If you can smell smoke, you are breathing it – a major reason why you should have your chimney swept regularly is for your health. Creosote (the black tarry stuff) if touched, can cause a rash or other skin infections. If your chimney isn’t cleaned regularly, soot will accumulate around the flue, preventing the smoke from drawing upwards, and the smoke will end up in your room – where you will not only breathe it, but it will leave black soot on the walls, furniture, and carpeting, and perhaps cause permanent staining around the chimney. Wood smoke contains ‘matter particulates’ which are tiny particles that can easily travel deep into your lungs when you breathe. Other pollutants are volatile organic compounds (VOCs), some of which can cause cancer.
Carbon monoxide is a deadly presence in wood smoke. It has no smell and no colour, and if inhaled for too long it can kill you, initially causing nausea, headaches and dizziness, and can aggravate the health of people with cardiac issues. Polycyclic aromatic hydrocarbons (PAHs) are found in wood smoke, some of which are said to cause cancer, and other toxic components in wood smoke, such as chlorinated dioxins and nitrogen oxides, can contribute to various lung problems.
Cleaning your chimney to prevent a chimney fire – this is another important reason to have your chimney swept. Creosote, soot and ash are all highly flammable, and removing these contaminants significantly reduces the chances of a chimney fire. Regular chimney cleaning also prevents corrosion of your chimney – not only are combustion byproducts flammable, they are also highly acidic and eat away at both masonry and metal.
Restricted airflow - if these contaminants are allowed to build, they can restrict the airflow in your chimney, reducing the warmth output of your fire. And once cleaned, inspect your chimney – there may be animal or bird nests, cracked masonry, loose flue tiles, etc. that need attending to. Without a proper chimney cleaning, you won’t be able to see these problems and address them.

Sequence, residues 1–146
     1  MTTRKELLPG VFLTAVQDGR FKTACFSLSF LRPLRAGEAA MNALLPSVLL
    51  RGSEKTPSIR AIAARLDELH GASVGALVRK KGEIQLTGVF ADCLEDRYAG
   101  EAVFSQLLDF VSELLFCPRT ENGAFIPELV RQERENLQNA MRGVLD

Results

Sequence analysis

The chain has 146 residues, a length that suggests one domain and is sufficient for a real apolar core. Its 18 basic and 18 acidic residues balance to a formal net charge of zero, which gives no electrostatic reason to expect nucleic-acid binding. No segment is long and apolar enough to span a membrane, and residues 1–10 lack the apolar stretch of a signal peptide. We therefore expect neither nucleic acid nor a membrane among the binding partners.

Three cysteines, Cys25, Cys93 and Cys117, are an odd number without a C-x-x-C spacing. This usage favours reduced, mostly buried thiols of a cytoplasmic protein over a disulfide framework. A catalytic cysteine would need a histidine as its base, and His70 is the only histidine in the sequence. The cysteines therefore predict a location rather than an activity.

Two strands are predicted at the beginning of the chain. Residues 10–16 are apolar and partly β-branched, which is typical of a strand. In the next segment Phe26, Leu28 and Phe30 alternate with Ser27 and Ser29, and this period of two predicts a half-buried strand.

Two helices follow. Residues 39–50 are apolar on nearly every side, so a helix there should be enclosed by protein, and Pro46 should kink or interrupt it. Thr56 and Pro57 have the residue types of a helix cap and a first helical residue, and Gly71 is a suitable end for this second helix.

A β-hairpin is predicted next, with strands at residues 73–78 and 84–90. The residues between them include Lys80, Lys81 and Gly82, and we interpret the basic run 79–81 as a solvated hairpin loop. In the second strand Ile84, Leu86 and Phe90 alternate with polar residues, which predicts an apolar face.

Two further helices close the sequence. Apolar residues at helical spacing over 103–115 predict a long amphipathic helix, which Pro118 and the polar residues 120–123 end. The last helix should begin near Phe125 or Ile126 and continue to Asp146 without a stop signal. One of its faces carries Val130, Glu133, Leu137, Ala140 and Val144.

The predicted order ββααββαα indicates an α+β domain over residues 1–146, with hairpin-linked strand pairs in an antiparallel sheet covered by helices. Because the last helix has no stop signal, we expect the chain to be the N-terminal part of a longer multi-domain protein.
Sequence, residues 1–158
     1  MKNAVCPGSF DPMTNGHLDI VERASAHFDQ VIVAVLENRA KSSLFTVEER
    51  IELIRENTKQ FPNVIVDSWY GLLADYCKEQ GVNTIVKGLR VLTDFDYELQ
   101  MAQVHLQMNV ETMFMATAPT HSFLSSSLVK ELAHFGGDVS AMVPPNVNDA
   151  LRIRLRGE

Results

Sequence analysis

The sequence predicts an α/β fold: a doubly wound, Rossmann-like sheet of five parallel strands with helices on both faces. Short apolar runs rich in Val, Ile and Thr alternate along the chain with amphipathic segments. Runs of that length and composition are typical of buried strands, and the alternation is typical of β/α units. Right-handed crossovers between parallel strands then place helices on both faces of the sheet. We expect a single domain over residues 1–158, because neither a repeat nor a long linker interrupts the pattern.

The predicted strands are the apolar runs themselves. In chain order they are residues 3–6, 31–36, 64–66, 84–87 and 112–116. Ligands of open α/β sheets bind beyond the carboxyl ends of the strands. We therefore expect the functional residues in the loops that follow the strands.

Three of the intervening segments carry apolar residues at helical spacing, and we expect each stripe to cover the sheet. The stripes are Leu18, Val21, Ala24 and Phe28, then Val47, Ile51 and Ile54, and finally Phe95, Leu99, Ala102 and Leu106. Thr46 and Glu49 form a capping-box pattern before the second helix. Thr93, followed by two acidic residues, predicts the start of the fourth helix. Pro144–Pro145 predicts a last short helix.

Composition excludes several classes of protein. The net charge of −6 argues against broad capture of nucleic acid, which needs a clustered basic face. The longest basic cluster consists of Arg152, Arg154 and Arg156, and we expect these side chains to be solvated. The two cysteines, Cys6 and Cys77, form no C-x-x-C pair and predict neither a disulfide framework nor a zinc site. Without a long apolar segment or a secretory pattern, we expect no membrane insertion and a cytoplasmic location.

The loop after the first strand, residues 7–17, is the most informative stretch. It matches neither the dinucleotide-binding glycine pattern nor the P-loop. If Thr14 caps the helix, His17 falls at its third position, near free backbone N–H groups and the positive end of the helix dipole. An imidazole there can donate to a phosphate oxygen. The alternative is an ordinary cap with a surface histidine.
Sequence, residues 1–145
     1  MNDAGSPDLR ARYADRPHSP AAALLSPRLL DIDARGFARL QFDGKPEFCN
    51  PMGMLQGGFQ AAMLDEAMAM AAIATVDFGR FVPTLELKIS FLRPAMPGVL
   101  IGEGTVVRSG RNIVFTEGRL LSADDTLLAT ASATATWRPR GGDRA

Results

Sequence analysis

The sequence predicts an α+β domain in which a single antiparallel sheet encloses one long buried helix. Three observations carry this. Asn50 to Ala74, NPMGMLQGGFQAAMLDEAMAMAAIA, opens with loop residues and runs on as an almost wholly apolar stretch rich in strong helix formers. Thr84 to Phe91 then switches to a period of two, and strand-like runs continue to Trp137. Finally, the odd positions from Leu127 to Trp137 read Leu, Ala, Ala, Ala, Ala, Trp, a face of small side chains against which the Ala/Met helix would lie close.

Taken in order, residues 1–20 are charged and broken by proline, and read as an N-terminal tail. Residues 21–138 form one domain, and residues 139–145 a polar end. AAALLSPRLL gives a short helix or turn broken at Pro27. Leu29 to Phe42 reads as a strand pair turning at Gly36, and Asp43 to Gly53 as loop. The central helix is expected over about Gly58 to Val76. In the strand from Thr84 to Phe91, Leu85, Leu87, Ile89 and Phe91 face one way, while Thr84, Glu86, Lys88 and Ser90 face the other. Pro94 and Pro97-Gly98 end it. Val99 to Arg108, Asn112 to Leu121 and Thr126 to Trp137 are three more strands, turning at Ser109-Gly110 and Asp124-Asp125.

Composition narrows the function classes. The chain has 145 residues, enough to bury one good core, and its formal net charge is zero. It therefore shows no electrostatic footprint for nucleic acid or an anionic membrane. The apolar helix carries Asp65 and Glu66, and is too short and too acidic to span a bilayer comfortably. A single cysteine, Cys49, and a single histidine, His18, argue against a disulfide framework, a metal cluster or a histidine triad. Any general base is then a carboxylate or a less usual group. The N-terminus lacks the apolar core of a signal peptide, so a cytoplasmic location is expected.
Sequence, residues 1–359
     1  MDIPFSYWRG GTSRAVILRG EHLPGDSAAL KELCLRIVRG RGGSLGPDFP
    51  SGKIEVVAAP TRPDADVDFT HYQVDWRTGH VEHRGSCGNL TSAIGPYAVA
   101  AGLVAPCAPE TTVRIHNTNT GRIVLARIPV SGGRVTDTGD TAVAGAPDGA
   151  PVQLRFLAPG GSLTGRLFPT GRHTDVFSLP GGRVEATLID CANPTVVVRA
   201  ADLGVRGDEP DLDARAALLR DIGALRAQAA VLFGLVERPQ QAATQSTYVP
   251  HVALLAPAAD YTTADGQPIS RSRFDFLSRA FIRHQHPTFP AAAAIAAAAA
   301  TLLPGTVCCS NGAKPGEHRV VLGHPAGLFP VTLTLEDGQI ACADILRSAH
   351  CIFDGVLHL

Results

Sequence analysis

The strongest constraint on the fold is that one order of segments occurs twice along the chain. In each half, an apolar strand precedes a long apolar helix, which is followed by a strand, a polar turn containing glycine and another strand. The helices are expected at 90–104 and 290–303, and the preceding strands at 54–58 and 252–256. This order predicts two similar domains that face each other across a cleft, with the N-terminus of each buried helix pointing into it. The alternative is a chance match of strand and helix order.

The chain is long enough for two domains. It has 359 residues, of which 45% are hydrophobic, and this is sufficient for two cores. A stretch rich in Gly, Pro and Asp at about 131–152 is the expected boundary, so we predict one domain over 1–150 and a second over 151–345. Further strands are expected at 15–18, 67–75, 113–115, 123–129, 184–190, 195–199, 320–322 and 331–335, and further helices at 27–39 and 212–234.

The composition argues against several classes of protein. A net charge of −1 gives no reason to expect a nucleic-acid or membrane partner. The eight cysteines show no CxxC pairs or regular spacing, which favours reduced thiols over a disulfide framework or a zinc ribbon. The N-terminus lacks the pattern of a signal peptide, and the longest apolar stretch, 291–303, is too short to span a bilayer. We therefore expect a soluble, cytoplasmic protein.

Pellet stoves are very popular, and for good reason. They offer great supplemental heat, burn with very little ash or emissions, and have long burn times. Because they produce so little ash, you might think that the pellet stove chimney doesn’t need cleaning, but this is not true - any type of wood burner generates creosote, soot and other byproducts that needs to be removed, so annual pellet chimney cleaning is recommended. They can be great additions to your home and help significantly with home heating, but like any other combustion stove, the chimney still needs to be cleaned.
A professional chimney sweep uses a heavy metal bristled brush on a long rod to clean your chimney, with the bristles located at the very tip. They will also be outfitted in gloves, goggles and masks to protect themselves from the soot and ash, and often use a specialist ash vacuum with a HEPA filter.
In a dark chapter of history around 200 years ago, it was common in England to send small boys up chimneys in order to clean them, especially after the Great Fire of London in September of 1666. From 1773, a master chimney sweep would keep anywhere from 2-20 orphans or children from large families for this purpose, and for each child, he was paid £3-£4 by the government when the apprenticeship agreement was signed, but the children got nothing. These little lads would shimmy up the flue using his back, elbows, and knees, and use a brush overhead to knock soot loose, and once at the top, would slide down and collect the soot pile for his master, who would sell it. As the saying goes ‘where there’s muck – there’s money’ and it was a highly prized commodity used by the fertiliser industry, or for making dyes for wool, etc. The children were badly fed and often slept in poor conditions in basements, were rarely bathed and were frequently ill, sometimes with chimney-sweep cancer, also called soot wart, on the skin of the scrotum. Thankfully in 1834 this practice was outlawed, when Parliament became more concerned about the exploitation of child labour.